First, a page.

People to Live Longer, Healthier Lives: Society Hardest Hit

Via Arnold Kling comes this hilariously negative warning about the perils of people living longer:

Life expectancy for Americans by 2050 will surpass government projections by as much as eight additional years for women and five for men, with disastrous implications for a country unprepared for an explosion of elderly, a new study released today says.

Forty years from now, women will live 89.2 to 93.3 years; and men, 83.2 to 85.9 years — driven by ongoing advances in both treatment of major fatal diseases and slowing of the aging process — according to the report in a journal of health and health policy, The Milbank Quarterly.

U.S. government projections for life expectancy by 2050 now stand at 83.4 to 85.3 years for women; 80 to 80.9 years for men.

It's bad enough that the article doesn't even mention the positives. More time with the grandkids, more time to travel? Bah, the budgets must be balanced!

Even if one is inclined to look solely at the budget, this isn't all that hard a problem to solve. There's fairly strong evidence that we could cut Medicare in half and suffer no adverse health consequences. Social Security isn't actually all that damaging to the budget, and relatively minor increases in the retirement age would handle the longevity "problem".

Whether or not we choose to do so as a society is another matter. I tend towards optimism in this matter, based on Herb Stein's old maxim that what cannot go on forever will not. We won't spend 150% of GDP on health, because we can't. Libertarians seem to run towards a pessimistic outlook on an imminent implosion of society from excess government (at least the ones on the internet do), but that has hardly been the record of the last 200 years.

But as Bob Fogel recently noted, why should we be concerned that we're spending more money on health care? What else are we going to spend it on anyway?

The main factor is that the long-term income elasticity of the demand for healthcare is 1.6—for every 1 percent increase in a family’s income, the family wants to increase its expenditures on healthcare by 1.6 percent. This is not a new trend. Between 1875 and 1995, the share of family income spent on food, clothing, and shelter declined from 87 percent to just 30 percent, despite the fact that we eat more food, own more clothes, and have better and larger homes today than we had in 1875. All of this has been made possible by the growth in the productivity of traditional commodities. In the last quarter of the 19th century, it took 1,700 hours of labor to purchase the annual food supply for a family. Today it requires just 260 hours, and it is likely that by 2040, a family’s food supply will be purchased with about 160 hours of labor.12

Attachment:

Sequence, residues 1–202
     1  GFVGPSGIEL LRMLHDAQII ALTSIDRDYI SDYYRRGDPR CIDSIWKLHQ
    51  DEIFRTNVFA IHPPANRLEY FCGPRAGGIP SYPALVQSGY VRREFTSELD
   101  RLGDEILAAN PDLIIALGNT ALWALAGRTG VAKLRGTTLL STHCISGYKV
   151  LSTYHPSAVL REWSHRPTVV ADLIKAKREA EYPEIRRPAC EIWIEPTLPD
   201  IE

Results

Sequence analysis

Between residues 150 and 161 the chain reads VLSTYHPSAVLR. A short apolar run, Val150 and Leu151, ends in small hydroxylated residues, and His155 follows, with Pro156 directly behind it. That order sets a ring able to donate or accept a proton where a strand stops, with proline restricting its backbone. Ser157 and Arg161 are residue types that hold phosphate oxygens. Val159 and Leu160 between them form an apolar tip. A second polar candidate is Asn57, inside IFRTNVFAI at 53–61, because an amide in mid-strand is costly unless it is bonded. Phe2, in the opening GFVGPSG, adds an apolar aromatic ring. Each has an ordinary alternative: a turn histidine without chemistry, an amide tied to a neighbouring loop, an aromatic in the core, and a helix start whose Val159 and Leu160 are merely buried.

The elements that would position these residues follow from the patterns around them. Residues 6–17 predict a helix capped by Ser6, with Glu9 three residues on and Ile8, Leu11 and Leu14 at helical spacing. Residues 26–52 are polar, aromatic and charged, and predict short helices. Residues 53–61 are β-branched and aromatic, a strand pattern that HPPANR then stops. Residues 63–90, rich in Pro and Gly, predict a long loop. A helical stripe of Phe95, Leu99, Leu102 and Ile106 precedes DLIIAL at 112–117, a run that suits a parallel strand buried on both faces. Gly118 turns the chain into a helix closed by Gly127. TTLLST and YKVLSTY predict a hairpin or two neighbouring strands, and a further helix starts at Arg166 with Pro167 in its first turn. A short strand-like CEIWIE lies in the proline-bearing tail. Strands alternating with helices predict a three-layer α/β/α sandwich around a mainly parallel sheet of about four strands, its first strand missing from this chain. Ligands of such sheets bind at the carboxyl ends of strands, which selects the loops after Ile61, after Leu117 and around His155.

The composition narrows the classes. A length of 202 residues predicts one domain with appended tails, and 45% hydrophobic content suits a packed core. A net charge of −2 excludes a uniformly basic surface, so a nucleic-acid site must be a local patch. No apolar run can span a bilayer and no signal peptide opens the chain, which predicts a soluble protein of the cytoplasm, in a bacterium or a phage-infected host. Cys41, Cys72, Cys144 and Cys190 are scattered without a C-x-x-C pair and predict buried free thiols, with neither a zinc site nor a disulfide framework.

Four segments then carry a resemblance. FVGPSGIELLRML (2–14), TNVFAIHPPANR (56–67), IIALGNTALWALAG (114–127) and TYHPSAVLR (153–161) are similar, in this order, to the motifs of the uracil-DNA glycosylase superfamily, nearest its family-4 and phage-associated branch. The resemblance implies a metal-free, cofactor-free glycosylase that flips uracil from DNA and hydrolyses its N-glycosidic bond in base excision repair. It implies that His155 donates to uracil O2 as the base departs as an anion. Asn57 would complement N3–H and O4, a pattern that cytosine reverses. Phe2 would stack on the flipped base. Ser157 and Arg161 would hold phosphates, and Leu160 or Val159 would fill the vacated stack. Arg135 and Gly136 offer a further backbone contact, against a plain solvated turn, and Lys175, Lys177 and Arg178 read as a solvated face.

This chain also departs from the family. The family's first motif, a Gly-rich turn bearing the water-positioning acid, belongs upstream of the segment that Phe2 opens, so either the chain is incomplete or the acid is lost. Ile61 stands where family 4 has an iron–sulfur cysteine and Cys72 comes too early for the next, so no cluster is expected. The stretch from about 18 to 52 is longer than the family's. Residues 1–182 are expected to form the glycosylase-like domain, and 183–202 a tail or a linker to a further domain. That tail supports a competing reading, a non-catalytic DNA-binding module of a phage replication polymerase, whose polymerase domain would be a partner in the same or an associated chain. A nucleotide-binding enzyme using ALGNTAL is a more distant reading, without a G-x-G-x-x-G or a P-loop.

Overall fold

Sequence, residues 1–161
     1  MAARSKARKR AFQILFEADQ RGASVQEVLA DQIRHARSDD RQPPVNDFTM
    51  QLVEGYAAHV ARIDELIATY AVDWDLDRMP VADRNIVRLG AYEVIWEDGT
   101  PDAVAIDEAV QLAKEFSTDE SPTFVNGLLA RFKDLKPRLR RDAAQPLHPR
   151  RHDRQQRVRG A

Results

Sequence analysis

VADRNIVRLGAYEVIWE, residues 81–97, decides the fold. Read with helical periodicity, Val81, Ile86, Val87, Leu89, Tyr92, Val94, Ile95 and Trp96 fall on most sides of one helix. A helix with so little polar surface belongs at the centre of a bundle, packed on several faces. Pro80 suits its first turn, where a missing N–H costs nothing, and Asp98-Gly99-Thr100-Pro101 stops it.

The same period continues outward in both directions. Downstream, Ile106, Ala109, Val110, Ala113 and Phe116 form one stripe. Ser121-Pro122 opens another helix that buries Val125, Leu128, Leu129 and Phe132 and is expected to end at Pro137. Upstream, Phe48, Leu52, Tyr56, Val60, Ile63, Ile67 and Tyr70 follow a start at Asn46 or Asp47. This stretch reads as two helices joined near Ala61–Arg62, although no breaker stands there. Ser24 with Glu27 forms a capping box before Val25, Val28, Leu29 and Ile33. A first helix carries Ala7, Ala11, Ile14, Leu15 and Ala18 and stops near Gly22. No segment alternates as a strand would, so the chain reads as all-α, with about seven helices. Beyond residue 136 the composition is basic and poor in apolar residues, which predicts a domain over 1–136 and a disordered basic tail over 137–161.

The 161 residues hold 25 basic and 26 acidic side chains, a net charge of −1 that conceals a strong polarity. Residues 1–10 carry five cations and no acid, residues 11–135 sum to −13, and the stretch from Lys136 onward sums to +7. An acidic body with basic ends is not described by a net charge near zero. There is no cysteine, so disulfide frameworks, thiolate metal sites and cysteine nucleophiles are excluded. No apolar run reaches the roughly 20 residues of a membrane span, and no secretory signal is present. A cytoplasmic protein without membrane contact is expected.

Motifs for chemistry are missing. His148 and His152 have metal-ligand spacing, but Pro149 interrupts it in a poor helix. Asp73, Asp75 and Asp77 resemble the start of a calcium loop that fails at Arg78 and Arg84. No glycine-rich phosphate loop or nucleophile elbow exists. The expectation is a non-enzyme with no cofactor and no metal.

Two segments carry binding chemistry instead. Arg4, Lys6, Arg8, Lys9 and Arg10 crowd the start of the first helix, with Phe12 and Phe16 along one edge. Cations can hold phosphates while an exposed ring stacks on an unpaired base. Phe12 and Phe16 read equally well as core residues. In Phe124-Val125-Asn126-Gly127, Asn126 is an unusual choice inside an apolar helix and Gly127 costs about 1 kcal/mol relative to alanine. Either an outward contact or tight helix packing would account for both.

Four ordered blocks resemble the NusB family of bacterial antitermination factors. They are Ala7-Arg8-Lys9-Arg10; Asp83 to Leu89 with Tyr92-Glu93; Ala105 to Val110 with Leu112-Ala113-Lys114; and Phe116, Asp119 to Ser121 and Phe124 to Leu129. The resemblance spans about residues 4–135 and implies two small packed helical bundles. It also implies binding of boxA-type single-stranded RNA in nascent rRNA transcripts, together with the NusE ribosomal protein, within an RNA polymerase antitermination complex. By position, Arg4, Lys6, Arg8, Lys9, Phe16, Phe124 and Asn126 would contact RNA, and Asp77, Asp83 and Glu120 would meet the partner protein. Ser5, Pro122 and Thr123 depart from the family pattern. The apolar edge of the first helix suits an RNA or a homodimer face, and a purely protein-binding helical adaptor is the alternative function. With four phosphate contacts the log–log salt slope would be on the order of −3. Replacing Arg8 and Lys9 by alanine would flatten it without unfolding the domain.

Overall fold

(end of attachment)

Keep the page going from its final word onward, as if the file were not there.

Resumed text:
Consequently, there is no need to suppress the demand for healthcare. Expenditures on healthcare are driven by demand, which is spurred by income and by advances in biotechnology that make health interventions increasingly effective. Just as electricity and manufacturing were the industries that stimulated the growth of the rest of the economy at the beginning of the 20th century, healthcare is the growth industry of the 21st century. It is a leading sector, which means that expenditures on healthcare will pull forward a wide array of other industries including manufacturing, education, financial services, communications, and construction.

I'd rather, of course, this expansion be done primarily through the private sector. But if it isn't, and government expands, well, what of it? Our extra money from productivity will be going to finance longer lives, and we will be slightly worse off (from deadweight loss from taxation) than otherwise. Suboptimal, yes. A crisis, no.

I should note, by the way, that these projections are somewhat conservative relative to some others out there. People have dire predictions about those as well, which I find equally non-credible.

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Interest savings nullifies longevity costs.

Most of the expenditures for the last 10 years occur in the last 2. Around 80% IIRC (I'll try to get a cite). So for every year you extend life you delay spending about 38% ( - ) of the cost of the last ten years of life. This saves about 2% of the cost of the last ten years in interest payments (assuming 5% interest, which isn't unreasonable). So as long as we're prolonging the time before the expensive problems start health care isn't that much more expensive.

Of course if _productive_ lifespan is increasing then it's even less of a problem. Assuming that each year of lifespan comes with an extra 6 months of commercially productive lifespan and delays the onset of the expensive final phase by 11 months the person only has to produce 1/6 of his monthly final stage health care expenses to break even. This is without interest with interest, even of only 3.6% interest they save 1.25% of the last ten years health care costs from delaying the expensive stage by 11 months. The extra month of expensive stage is about 1.67% of the last ten years costs. So there's only about .42% of LTY costs extra. The person therefore only has to produce .07% of his LTY costs per month under these conditions to break even. Note this is without assuming that there is any value to an increased commercially productive or an increased lifespan other than the price of his labour.